Is this building towards a suggestion that Jesus may have given his parables in Hebrew?

Randall Buth said...

Several-
Thank you Ian, the paragraph was/is set correctly. Number one still doesn't work.

Anon-"Unfortunately, due to constraints of time and money, I'll probably never attain to true fluency in any other language than Spanish. Meanwhile, I want, though self-study, to at least become reasonably competent in languages in addition to Greek that involve scholarship in biblical texts, such as Latin, Aramaic, Hebrew, and German. Given these limitations, what might be a good text for learning Syriac-Aramaic?"

You can get to that level if you set a goal. I've known some who gained Hebrew fluency thru good programs in schools. Takes more than 12 months. If you become fluent in Spanish first at least you will know what it is like and have something to aim for with the languages that you want to invest in. Pete Williams has listed some Syriac grammars. I don't diasapprove. They can do their job while you decide where to invest something for a longer commitment.

Ian Myles Slater said...

Randall:

Mellel is sometimes quirky. If it turns out using the buttons doesn't set up the page properly, it may be necessary work around it. One trick is to highlight the text, and then repeat the commands. In my experience, this usually (but not quite always) does the trick. Unfortunately, it applies to the highlighted material only, and may need to be repeated for later additions.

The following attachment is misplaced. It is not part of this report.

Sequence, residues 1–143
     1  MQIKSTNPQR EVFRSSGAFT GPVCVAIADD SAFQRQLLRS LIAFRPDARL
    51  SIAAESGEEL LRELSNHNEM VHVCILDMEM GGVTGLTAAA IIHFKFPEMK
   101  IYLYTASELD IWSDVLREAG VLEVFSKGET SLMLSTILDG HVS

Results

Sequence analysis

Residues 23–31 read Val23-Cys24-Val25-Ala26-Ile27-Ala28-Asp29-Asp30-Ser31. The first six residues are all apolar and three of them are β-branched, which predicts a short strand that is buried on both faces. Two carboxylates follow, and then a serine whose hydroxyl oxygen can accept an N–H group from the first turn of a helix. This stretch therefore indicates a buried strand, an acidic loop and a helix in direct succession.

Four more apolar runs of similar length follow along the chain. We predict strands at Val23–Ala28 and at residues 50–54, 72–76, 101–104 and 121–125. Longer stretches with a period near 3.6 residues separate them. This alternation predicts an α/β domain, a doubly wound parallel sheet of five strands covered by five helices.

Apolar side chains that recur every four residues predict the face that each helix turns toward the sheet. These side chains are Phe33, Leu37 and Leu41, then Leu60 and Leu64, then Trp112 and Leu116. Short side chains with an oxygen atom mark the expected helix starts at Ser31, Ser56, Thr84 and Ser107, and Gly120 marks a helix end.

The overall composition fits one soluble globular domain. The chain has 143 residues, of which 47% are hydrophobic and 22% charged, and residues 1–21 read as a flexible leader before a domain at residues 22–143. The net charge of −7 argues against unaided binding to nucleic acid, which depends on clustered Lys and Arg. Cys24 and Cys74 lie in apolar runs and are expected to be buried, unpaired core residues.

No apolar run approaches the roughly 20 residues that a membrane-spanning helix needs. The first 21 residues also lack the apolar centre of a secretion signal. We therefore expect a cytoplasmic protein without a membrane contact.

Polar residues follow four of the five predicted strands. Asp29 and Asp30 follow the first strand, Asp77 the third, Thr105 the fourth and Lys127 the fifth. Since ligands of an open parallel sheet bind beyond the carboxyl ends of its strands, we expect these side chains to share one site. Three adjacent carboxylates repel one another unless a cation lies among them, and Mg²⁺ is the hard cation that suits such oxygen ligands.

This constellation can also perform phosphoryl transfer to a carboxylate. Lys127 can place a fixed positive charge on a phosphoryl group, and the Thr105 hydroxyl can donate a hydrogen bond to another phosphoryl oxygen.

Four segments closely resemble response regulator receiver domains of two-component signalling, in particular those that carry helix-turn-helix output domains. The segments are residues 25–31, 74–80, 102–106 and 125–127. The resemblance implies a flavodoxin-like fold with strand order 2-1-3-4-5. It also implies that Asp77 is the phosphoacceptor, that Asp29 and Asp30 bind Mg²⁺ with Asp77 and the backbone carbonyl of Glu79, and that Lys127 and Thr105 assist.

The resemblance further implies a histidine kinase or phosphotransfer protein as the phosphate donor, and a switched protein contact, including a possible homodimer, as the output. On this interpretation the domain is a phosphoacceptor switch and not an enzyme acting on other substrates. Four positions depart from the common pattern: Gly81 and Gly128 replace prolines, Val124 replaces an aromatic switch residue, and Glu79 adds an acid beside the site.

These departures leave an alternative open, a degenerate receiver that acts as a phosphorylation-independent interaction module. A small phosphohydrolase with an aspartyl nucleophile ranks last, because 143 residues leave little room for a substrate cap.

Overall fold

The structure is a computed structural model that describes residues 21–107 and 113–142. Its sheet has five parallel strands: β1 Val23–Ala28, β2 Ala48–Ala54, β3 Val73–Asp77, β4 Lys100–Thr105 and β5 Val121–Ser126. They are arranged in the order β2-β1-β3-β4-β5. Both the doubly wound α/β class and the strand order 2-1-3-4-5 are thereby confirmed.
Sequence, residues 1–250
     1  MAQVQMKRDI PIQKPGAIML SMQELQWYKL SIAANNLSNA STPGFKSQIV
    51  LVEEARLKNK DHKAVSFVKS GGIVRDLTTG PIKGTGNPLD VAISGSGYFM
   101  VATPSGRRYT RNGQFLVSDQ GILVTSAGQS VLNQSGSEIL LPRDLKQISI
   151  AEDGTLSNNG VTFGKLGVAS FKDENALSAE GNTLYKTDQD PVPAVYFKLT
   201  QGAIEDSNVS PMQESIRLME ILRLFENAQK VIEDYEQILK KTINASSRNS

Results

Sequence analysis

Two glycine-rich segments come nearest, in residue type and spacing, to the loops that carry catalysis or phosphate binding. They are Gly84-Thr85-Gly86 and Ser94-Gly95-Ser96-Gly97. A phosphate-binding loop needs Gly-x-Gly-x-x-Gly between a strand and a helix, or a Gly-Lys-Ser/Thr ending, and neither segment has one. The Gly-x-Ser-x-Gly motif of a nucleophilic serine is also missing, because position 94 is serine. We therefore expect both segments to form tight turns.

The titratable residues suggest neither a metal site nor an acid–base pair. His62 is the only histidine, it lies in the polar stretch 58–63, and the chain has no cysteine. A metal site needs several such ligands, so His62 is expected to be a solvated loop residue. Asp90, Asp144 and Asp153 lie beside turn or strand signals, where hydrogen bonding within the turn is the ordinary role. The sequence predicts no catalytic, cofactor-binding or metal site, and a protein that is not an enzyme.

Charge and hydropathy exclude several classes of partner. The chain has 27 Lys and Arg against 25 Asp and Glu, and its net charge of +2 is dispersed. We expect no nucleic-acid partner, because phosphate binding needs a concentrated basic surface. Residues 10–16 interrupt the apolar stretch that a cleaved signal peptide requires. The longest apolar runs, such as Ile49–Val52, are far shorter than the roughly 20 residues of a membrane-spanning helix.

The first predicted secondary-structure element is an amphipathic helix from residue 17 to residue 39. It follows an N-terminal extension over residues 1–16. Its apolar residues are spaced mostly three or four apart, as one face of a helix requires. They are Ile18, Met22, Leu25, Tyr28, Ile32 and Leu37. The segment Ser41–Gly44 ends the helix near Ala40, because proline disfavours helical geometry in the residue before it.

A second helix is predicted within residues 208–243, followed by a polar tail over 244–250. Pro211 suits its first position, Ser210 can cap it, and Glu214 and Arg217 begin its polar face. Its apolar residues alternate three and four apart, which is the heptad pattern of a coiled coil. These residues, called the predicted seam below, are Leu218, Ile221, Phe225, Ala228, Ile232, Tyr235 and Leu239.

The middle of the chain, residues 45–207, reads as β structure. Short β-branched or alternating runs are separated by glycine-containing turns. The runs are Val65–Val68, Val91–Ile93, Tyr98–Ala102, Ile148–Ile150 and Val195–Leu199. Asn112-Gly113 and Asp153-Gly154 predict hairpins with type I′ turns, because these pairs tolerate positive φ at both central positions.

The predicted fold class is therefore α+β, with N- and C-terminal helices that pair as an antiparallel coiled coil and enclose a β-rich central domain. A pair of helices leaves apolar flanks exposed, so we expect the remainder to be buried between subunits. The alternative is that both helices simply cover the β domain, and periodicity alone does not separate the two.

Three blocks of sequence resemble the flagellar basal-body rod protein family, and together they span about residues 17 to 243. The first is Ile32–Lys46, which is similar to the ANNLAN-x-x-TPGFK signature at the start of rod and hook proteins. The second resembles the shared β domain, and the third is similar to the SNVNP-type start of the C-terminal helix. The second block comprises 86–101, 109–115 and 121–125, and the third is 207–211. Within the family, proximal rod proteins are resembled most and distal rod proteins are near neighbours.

Randall Buth said...

PJW:
" RB: "Does anyone know of a Jewish story parable published in Aramaic, anywhere between 200 BCE and 600CE? There are apparently close to 2000 attestations of Hebrew story parables, depending on how one counts, even within Aramaic contexts of rabbinic literature."

Is this building towards a suggestion that Jesus may have given his parables in Hebrew?"

It's simply asking for an Aramaic story parable. I suspect that Jesus probably taught like all of the other first century Galilean teachers. It's just always struck me as curious that no one asks what yochanan ben zakkai teachings would sound like in Aramaic, but people reconstruct an Aramaic parable for Jesus as though Aramaic story parables were a dime a dozen in rabbinic lit.

And I am puzzled as to how such a language specific genre developed (Hebrew story parables) in a multi-lingual environment. Doesn't that strike others as needing explaining?